In a world of shifting diplomatic sands, the relationship between the United States and Israel feels like a fixed point.
The two countries share military and political intelligence and Israeli politicians tend to portray their country as a kind of branch office of the Free World, operating the franchise in a particularly tough neighbourhood.
America provides money and weapons for the defence of the Jewish State and is bound to its main ally in the Middle East by countless links, both public and private.
Pro-Israeli lobbying organisations like the American Israel Public Affairs Committee (Aipac) are influential power-brokers in the election of many members of Congress and money flows into Israel from Jewish-American charities and wealthy individuals.
So when there is a blip in the relationship, it is news and there is certainly a blip now, if not something slightly more serious.
Israeli Prime Minister Benjamin Netanyahu has accepted an invitation to speak to Congress on 3 March - exactly two weeks before Israelis vote in a parliamentary election in which he is seeking a fourth term of office.
The invitation came not from the White House - which is furious at being blind-sided - but from the Speaker of the House, the Republican John Boehner.
Mr Netanyahu's rivals at home are also furious. They believe this is not about the fierce urgency of Iran's nuclear ambitions - which will be Mr Netanyahu's subject - but simply about Mr Netanyahu's conservative ideological soul mates on Capitol Hill giving him a leg-up before polling day on one of the world's most glamorous political stages.
That issue - Iran and the Bomb - is one of the defining themes of Mr Netanyahu's career and he is alarmed that the P5+1 powers (the five permanent members of the UN Security Council - the US, Russia, China, UK and France - plus Germany) negotiating with Tehran may be preparing to agree a deal towards the end of March which would be acceptable to the world powers but unacceptable to Israel.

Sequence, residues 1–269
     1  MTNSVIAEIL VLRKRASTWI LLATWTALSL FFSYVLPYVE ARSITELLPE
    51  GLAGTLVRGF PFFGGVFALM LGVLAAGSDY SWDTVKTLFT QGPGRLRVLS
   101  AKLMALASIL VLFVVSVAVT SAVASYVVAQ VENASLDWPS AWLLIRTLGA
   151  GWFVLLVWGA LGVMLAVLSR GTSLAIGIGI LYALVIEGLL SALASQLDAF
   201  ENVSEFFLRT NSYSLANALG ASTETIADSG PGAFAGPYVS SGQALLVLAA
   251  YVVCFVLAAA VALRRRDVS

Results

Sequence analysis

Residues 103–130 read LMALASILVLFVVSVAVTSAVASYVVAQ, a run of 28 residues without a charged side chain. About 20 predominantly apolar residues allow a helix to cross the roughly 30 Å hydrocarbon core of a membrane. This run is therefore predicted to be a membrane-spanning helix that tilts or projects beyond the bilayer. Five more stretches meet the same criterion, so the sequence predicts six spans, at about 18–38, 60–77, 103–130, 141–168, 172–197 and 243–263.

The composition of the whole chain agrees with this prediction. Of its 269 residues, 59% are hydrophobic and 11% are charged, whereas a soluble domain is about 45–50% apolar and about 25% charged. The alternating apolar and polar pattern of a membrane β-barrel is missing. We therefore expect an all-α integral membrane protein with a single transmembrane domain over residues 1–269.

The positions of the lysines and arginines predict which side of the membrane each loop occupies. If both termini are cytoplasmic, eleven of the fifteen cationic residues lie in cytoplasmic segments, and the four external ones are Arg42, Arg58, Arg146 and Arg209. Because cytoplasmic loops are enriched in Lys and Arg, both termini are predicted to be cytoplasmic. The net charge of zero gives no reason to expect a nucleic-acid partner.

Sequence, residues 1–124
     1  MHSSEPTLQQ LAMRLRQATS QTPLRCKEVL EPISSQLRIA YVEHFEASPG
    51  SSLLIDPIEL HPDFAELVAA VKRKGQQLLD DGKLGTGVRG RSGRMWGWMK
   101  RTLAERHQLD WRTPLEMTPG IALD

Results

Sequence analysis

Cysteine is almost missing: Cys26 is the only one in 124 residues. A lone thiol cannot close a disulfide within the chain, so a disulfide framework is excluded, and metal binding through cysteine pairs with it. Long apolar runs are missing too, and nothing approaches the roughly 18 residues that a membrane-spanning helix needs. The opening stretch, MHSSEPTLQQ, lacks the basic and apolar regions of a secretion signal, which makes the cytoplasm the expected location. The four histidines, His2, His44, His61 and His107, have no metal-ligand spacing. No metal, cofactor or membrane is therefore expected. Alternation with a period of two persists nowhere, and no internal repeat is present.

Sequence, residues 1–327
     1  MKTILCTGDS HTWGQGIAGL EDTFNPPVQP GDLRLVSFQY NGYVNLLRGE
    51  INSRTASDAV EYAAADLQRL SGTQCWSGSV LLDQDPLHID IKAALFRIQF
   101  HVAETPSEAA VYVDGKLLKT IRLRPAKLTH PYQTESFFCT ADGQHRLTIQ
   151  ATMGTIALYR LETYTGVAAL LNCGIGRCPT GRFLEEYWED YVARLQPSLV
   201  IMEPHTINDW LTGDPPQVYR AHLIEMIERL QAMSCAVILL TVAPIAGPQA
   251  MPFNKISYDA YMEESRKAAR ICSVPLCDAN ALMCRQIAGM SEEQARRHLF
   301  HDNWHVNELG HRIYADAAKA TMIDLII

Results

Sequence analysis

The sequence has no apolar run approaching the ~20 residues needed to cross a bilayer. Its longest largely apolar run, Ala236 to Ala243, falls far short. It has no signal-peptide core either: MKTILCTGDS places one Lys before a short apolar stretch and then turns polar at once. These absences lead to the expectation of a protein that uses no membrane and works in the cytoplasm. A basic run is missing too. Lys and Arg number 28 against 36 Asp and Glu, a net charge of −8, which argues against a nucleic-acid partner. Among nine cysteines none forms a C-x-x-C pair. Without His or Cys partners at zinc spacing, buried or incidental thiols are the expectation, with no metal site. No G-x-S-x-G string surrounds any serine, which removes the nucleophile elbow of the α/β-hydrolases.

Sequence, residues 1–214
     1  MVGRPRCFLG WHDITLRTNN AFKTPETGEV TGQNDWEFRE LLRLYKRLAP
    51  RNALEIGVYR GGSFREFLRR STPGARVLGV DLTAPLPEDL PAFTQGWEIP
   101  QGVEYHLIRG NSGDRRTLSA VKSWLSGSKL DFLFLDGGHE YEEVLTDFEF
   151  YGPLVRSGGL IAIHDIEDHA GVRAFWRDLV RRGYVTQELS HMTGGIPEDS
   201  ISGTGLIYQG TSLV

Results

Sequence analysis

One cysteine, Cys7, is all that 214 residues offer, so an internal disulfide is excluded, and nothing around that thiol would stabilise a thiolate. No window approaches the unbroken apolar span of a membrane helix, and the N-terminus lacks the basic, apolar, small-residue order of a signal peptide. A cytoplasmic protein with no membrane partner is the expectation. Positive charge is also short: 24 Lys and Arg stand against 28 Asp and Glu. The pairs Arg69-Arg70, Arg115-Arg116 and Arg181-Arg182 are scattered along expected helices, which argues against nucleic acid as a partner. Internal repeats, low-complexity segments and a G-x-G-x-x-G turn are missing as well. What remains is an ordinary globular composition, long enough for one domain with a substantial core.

So he will have plenty to talk about when he stands up in Congress.
Body language test
The Obama administration does not much care for Mr Netanyahu at the best of times. It does not support his judgment on the Iran issue but there is something more too.
In siding with the Republicans and against the White House, in a speech to Congress, it may look as though he is intervening in US domestic politics.
And by inviting him to speak as his election campaign in Israel reaches a climax, it looks as though House Republicans are intervening in Israel.
Last year an unnamed US official was quoted as calling Mr Netanyahu "a chickenshit" - this time the administration has confined itself to calling his decision to speak in Congress "destructive".
But is this the worst relations between the two countries have ever been, as Senator John McCain has said? Probably not.
The US fell out with Israel spectacularly under Eisenhower (over Suez) and under Ford, Reagan and George HW Bush. Things got pretty bad in the 50s, the 70s and the 90s.
They recovered then and they will recover this time but it will be interesting to study the body language the next time Mr Obama and Mr Netanyahu meet. That will not be on this trip. Too close to Israel's elections, said the White House.
The bottom line is this: Mr Netanyahu's speech to Congress has caused quite a political flap even before he has got to his feet and cleared his throat.
He had better make sure he has something memorable to say.